According to Ingram’s book, “Only hardy skiers who were willing to hike in were able to enjoy its many slopes until January 12, 1963.”
That was the day the area officially opened under the Anthony Lakes Corporation.
Today, Anthony Lakes Mountain Resort is owned and operated by the Anthony Lakes Outdoor Recreation Association, a nonprofit organization.
Over the decades the ski area had several private owners as well. In 2010 the last private owners transferred the resort, which is on public land managed by the Wallowa-Whitman National Forest, to Baker County, which then turned over ownership to the nonprofit.
A new era
Jim Patton, 77, married Rhea Vanderwall in 1968 and became part of the skiing Vanderwall family.
When he broke his leg in a logging accident in October 1968, Patton was put to work at Anthony’s ski shop, which was operated by his father-in-law, Bert Vanderwall. Bert’s father, Roy, was also a mainstay at the ski area. Patton wasn’t a skier — and never did take to the winter sport.
“I didn’t know one end of the ski from the other,” he said.
But he worked in the ski shop for four years, then became the snowplow driver to keep the road open — starting at 4 a.m.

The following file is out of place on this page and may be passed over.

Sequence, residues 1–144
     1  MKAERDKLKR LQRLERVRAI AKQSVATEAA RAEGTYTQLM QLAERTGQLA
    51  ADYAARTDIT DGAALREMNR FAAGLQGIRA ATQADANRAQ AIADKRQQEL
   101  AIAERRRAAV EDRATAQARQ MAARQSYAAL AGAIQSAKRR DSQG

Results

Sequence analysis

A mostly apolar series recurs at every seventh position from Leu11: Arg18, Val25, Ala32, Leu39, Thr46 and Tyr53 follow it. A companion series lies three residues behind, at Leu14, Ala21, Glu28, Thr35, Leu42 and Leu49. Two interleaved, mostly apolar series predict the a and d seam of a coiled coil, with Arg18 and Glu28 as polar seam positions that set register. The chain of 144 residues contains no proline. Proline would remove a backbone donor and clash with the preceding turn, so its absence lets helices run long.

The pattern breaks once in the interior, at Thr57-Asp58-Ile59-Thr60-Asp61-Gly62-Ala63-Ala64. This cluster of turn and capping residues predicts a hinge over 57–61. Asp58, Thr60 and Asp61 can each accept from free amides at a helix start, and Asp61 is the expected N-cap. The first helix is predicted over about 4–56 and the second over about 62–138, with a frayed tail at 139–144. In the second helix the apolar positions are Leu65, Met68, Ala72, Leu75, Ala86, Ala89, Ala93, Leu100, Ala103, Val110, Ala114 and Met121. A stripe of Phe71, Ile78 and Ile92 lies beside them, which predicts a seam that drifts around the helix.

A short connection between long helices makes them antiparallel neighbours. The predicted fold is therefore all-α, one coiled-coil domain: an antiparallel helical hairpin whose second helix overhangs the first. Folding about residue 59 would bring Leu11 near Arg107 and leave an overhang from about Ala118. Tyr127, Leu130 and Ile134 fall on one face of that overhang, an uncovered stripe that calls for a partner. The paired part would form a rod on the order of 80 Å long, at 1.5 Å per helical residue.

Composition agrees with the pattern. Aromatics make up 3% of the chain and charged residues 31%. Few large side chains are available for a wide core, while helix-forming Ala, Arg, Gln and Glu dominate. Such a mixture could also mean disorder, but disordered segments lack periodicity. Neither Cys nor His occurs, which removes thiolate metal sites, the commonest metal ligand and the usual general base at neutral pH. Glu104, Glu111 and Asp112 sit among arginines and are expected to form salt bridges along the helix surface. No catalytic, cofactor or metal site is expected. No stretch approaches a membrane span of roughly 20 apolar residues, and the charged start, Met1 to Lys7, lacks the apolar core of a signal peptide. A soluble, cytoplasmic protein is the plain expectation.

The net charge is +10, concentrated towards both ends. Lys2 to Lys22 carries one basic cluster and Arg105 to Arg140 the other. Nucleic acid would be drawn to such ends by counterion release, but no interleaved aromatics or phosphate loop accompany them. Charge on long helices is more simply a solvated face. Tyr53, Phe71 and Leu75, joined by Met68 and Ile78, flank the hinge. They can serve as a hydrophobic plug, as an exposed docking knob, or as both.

“If it was a heavy snowfall, we’d work all day to keep the road open,” he said.
He used an ingenious rotary snowplow assembled from various parts by Champ Bond, who plowed the road for years with his wife, Lois.
“That rotary worked good, for a bunch of car parts. Ninety percent of the time it worked perfect,” Patton said. “It scooped a blob of snow and threw it — you could make one pass down the mountain and back up and have the road open.”
That snowplow is now on display at the Eastern Oregon Museum in Haines.
While Patton stayed off the slopes, his wife, Rhea, did not.
She started teaching lessons when she was in high school, and served 24 years on the volunteer ski patrol.
“We’ve been there forever, it seems like,” she said.
Although she doesn’t ski much now, she still takes the 15-minute drive up the mountain from her house to see friends.
“It’s locals and it’s fun,” she said.